THE UK Government attempting to change who can vote in indyref2 risks invalidating the result – and would have to be agreed to by the Scottish Government, according to experts.

Reports last week suggested Cabinet ministers are urging Boris Johnson to step up the fight to save the Union by allowing Scots anywhere in the UK to vote on independence.

Constitutional experts say there would be practical problems identifying who is eligible and warn one side changing the rules unilaterally would lead to the results being challenged.

Another key issue is that electoral law has been devolved to Scotland, meaning it has powers over determining the “model” of a referendum, a legal academic has pointed out.

Around 800,000 people who were born in Scotland now live in England and up to 50,000 live in Wales. Most are thought to be pro-Union and their inclusion could swing the vote against independence, according to polling experts.

One Cabinet minister was reported as saying: “We know Sturgeon will start trying to force another referendum as soon as she thinks it is politically tenable again, so there are things we can and should do now to be ready for her.

“One thing is to open up eligibility of the vote to all Scots in the UK, not just those living in Scotland.”

However James Mitchell, professor of public policy at the University of Edinburgh, said he doubted the suggestion to extend the electorate in this way was serious.

“There would be practical problems identifying who would be eligible,” he said. Would this extended electorate have to apply to vote? Presumably there would need to be a campaign to inform potential electors elsewhere in the UK.

“If it included Northern Ireland, we can be sure that many would vote according to preferences related to Northern Ireland’s constitutional status and with scant regard for the Scottish question.”

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Mitchell (below) said any future referendum would require agreement in advance of any campaign on the rules, conduct and how the results should be interpreted.

“There would be little point holding a referendum if the result was disputed or challenged fundamentally,” he added.

“The problem is that any unilateral change to rules by either government would likely lead to boycott, undermining turnout and thereby delegitimising the result.”

Dr Alan Renwick, deputy director of the constitution unit at University College London, last week published a blog on five ways in which referendums could be improved after Brexit.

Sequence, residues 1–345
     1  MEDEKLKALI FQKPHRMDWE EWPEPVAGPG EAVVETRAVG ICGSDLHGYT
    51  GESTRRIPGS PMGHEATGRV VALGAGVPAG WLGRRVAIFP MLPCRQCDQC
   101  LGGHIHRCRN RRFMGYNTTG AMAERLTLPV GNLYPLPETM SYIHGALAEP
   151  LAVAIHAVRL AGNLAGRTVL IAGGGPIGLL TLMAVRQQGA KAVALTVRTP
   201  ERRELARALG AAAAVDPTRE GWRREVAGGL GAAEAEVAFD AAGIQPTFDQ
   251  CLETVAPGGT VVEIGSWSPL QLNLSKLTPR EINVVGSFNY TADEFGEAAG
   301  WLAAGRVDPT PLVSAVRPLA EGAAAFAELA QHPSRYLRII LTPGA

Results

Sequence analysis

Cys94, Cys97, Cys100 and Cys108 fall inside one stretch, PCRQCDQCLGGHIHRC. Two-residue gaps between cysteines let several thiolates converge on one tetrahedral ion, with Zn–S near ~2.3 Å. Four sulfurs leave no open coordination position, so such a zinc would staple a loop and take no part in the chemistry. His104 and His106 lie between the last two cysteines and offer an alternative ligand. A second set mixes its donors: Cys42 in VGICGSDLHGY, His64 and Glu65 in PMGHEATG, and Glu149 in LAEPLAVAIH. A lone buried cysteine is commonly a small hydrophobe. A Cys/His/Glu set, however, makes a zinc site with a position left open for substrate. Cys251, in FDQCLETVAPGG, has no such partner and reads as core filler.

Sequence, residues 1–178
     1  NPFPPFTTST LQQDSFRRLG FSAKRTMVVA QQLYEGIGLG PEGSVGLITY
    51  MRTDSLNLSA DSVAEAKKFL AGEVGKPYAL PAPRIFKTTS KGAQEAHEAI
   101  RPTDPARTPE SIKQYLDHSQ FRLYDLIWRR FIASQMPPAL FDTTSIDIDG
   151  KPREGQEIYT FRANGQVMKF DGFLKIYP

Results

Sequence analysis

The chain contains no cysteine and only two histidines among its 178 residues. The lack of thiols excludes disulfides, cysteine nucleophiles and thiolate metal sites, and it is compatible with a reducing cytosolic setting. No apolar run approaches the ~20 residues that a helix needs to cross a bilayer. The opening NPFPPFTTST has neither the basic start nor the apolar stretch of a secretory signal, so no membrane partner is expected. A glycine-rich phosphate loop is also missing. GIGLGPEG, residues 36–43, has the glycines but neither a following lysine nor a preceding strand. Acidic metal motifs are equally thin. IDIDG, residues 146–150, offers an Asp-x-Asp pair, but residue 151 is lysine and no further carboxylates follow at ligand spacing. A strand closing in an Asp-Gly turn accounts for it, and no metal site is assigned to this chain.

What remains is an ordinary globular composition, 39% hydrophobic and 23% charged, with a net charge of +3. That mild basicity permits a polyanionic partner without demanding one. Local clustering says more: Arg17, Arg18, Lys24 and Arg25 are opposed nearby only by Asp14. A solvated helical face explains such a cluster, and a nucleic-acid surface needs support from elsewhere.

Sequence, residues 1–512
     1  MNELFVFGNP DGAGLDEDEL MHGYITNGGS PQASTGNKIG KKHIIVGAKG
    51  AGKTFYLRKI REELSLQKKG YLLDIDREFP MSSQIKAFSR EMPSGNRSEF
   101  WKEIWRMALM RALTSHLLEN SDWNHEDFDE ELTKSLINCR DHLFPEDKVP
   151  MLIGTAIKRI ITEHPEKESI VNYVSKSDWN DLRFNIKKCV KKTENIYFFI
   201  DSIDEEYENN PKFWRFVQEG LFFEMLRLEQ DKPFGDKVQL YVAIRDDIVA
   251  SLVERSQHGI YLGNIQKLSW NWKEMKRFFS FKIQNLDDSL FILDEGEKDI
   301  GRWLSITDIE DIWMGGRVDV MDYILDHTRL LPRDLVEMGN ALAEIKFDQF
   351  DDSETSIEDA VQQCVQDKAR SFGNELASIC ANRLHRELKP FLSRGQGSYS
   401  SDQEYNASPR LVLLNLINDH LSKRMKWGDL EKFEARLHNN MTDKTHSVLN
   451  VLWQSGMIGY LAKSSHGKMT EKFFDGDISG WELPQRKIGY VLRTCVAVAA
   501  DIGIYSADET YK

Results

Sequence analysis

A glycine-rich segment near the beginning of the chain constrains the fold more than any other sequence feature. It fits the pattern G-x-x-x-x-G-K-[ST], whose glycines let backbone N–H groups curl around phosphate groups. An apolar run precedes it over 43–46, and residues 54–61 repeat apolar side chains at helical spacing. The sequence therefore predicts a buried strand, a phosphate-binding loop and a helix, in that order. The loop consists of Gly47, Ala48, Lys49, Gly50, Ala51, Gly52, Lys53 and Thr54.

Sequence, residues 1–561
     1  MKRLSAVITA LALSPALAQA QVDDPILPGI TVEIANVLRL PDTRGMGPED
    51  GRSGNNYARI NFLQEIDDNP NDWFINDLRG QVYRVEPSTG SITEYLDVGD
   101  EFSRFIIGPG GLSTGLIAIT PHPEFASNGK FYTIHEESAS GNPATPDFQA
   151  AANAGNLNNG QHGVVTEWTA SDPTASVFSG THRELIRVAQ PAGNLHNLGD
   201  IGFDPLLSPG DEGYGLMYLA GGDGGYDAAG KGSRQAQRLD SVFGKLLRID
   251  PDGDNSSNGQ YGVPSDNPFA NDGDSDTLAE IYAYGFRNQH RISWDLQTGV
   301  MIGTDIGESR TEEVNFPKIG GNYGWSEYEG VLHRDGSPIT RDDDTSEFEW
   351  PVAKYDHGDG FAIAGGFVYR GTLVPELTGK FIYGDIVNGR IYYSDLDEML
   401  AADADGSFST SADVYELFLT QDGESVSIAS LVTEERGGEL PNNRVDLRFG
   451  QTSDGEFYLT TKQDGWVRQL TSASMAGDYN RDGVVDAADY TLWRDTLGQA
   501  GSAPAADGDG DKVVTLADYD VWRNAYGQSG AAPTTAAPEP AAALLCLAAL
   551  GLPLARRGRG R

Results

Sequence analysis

He said that “pretty much everyone” would now agree the vote on leaving the EU was an example of how not to run a referendum.

“A theme across all of our points in that blog is to give people the greatest possible clarity on the choice that faces them,” he said.

“If you are voting on something like independence where some things would only be decided after a vote in favour of independence through negotiations, then obviously you can’t set those out. But at least set out what the process is – in the 2016 referendum no-one ever mentioned Article 50, the actual process that Brexit would happen through.”

Renwick said the UK Government had “essentially accepted” the principle that Scotland has the right of self-determination in the Edinburgh Agreement, which set out the terms for the 2014 referendum.

“Given that it has accepted that, then it ought to accept the principle that it has a duty in the context of any referendum to enable the people of Scotland to exercise that right fairly,” he added.

“If you try to tailor the franchise to a particular vote you just end up politicising the franchise and it becomes not a matter of principle, but a matter of political power. That delegitimises the vote.

“So if the Union won very narrowly and it was clear it had won only because the franchise had been changed from the normal franchise, then that doesn’t produce a result which is going to command universal respect by any means.”

The National:

Dr Nick McKerrell, a senior lecturer in law at Glasgow Caledonian University, said the suggestion to extend the vote to all Scots in the UK looked like a “negotiating position”.

He pointed out the Scotland Act of 2016 devolved electoral law to Scotland, unlike in 2014 when those powers were with the UK Government.

“If there is a referendum then the law about it will be determined by the Scottish Parliament,” he said.

“This is tied up with whether they get ‘permission’ to do the referendum, because the Scottish Government would have to agree to any changes to the election.

“It is not one-sided, the UK Government couldn’t say we are setting the law for the referendum and it is everybody who is Scottish can vote in it.

“That can’t happen – the Scottish Government would have to agree to that, which I don’t see them doing. It’s sort of playing games a bit.”

The Scottish devolution referendum of 1979 recorded a narrow majority for Yes but a stipulation that 40% of the whole electorate had to vote in favour meant plans did not progress.

McKerrell said while the UK Government could try to negotiate for a requirement such as a minimum 50% turnout, it would have to be agreed to. “[The Scottish Government] want a Section 30 Order, so they need to do a degree of negotiation, but the model of election will be determined by Scotland itself,” he added.